Priory Court Hotel, Pevensey, East Sussex

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Clifford Mould discovers another of his little gems!

I was trying to find a nice place near Eastbourne to have a family reunion for ten people, where some of us could stay overnight, and without totally breaking the bank. There's an excellent restaurant in the Grand Hotel at Eastbourne called the Mirabelle, and if our numbers had been smaller we might well have gone there. Locals recommended the Priory Court Hotel in the historic village of Pevensey, so I went down for a preliminary reconaissance the week before the party.

After only a few minutes talking to the co-owner and manager Lisa Morrow about menus, I immediately recognised another keen foodie. Without further ado, I booked us all in for dinner plus three rooms for those of us staying afterwards.

The Hotel is set in two acres of gardens that are probably very lovely in the summer; we arrived in pouring rain in the dark! The house dates from the 15th century and incorporates building materials from the Roman Castle opposite. The bar is warm and cheerful and the bar menu is substantial and consists of proper traditional English fare cooked on the premises by folk who know what they're doing.

The decor is gloriously "retro", with a riot of differently patterned carpets, wall lights with little red shades, wheel backed chairs and what estate agents archly describe as a "wealth of exposed beams and other period features". The a la carte menu in the restaurant offers some serious choices. One has to cater for the passing trade so there was a kind of prawn cocktail 4.25, though it was not called anything so vulgar. And there was melon, but it came as a duo of seasonal melons 3.75, arranged on a mint, sweet ginger and natural yoghurt sauce, with a garnish of quinnels of apricot sorbet. It looked very well put together, and my aunt sitting opposite really enjoyed it.

The homemade soup looked and tasted thick and homemade and another starter of Smokey leeks, bacon and pistaccio nuts was baked in filo pastry to make a very successful dish, 3.75. I had fresh mussels 4.25, steamed in vermouth with a mirepoix of finely diced vegetables enriched with cream. The mussels were proper wild ones - well worth putting up with a pinch of grit for their strong, fresh flavour. The sauce was yummy. Breast of pigeon stuffed with apricots soaked in brandy was served on a good salad with lovely balsamic dressing, but the meat was rather tough and not pink in the middle. That's the trouble with game, you win some you lose some.

There's a good selection of fish, one hoped it was local but forgot to ask. Scollops tossed in oyster mushrooms with lardons of bacon and pistaccios came in a filo shell with tangy sherry sauce, 8.95. This was raved about by several of our number. A duo of Shetland salmon and monk fish had been baked en papilotte with vanilla, ginger and champagne, 9.75. It was well presented on a bed of wild rice. Maybe the dill sauce was overplaying it a bit, but my cousin commented on the high standard of the cooking.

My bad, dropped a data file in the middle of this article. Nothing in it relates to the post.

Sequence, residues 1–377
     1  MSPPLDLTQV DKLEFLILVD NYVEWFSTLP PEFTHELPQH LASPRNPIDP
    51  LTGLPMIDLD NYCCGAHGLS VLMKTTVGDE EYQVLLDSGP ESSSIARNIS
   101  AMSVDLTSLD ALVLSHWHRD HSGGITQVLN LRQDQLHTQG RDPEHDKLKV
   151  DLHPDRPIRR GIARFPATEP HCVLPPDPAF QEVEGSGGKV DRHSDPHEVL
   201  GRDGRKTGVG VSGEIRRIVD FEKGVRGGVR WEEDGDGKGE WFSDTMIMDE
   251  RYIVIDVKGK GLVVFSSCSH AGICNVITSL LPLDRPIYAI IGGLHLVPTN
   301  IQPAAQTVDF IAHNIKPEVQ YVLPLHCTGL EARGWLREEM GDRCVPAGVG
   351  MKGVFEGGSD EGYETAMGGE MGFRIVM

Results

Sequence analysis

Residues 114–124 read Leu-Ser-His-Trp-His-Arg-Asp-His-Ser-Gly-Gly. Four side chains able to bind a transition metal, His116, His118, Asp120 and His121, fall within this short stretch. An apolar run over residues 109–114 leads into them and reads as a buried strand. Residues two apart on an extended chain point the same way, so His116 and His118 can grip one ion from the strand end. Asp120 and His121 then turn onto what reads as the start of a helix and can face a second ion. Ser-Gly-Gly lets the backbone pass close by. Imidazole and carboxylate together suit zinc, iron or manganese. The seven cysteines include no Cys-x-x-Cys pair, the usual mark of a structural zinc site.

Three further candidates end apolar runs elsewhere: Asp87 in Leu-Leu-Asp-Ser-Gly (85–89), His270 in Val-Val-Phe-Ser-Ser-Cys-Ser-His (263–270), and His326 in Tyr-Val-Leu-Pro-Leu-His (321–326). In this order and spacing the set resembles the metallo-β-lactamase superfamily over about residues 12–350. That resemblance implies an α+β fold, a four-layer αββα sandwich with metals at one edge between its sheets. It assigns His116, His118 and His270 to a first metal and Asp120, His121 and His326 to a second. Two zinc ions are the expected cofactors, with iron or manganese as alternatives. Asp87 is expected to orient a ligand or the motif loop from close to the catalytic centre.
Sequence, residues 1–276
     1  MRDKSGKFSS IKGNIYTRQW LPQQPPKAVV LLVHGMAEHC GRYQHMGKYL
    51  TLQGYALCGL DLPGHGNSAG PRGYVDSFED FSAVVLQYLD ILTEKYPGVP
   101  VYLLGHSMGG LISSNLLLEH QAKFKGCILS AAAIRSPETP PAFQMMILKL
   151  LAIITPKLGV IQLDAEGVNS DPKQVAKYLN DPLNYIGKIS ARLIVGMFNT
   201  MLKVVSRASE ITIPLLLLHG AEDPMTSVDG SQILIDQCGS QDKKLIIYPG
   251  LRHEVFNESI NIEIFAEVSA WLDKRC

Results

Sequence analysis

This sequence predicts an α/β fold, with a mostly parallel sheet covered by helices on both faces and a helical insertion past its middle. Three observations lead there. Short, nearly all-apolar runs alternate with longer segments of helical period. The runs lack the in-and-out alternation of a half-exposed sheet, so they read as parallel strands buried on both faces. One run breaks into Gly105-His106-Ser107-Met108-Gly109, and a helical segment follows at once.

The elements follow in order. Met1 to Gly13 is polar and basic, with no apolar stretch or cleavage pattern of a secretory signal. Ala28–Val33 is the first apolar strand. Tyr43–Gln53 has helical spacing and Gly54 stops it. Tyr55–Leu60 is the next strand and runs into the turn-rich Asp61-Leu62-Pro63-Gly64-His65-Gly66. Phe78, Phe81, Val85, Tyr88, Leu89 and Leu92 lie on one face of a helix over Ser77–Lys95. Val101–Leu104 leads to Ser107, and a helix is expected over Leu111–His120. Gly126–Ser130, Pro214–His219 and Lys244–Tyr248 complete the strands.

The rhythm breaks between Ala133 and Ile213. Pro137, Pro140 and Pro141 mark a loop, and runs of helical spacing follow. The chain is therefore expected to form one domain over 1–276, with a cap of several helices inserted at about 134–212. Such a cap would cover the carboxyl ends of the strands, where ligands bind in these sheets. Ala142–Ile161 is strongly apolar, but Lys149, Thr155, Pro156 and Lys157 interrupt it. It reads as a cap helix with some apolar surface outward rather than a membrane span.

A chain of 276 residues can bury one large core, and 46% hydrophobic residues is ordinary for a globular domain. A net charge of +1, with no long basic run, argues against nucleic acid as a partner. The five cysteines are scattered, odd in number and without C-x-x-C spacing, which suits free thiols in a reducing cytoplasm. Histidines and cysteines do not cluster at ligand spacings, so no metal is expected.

Those who like offal could have had lambs' kidneys in a Dijon and bacon sauce for 8.25. My son, well down the other end of the table had honey roasted rack of lamb with a rosemary and red wine reduction 13.75. He semaphored enthusiastically to me, so I took it to mean another satisfied customer. Noisettes of venison pan fried with juniper berries were served on a leek and potato rosti with a dark elderberry wine sauce.

I decided to try a traditional item from the bar menu: English steak and kidney pudding. Anyone wanting to know what this should be like should go straight along to the Priory Court. The gravy was dark and rich, the meat was tender and tasty, the kidney not too overpowering. But the pudding, oh the pudding. Crusty on the outside, blending into the filling so that the one becomes the other and the other becomes the one. Perfection for only six quid! And there are no hidden extras like vegetables or cover charges.

By this time, the family side of things had begun to take over, and I can't remember much about the puddings except that I rather wished I hadn't eaten one. Not because they weren't jolly good. The portions at the Priory Court are magesterial, particularly from the bar menu. There's absolutely no danger of fading away!

We drank quite a lot of very gluggable house wine, and the bill for the whole party came to just over two hundred pounds including service and the pre-dinner bar tab!

Staying in the Hotel

There are about eight bedrooms, most of which have en suite baths. The decor is a bit variable but the beds were comfortable and our bathroom was well up to scratch. We payed a very reasonable 49.00 for the double room. A traditional cooked breakfast of gargantuan proportions is included - I defy you to want lunch after this! One of the single ladies paid 25 pounds for her room and breakfast. There are weekend bargain breaks with discounts up to 50% off the price of your room on Sunday night if you checked in on the Friday before.

Pevensey itself has much of historical interest, and there are many historic houses and other attractions in the Sussex area.


Priory Court Hotel, Pevensey, East Sussex BN24 5LG
Tel: Eastbourne (01323) 763150 Fax: 769030
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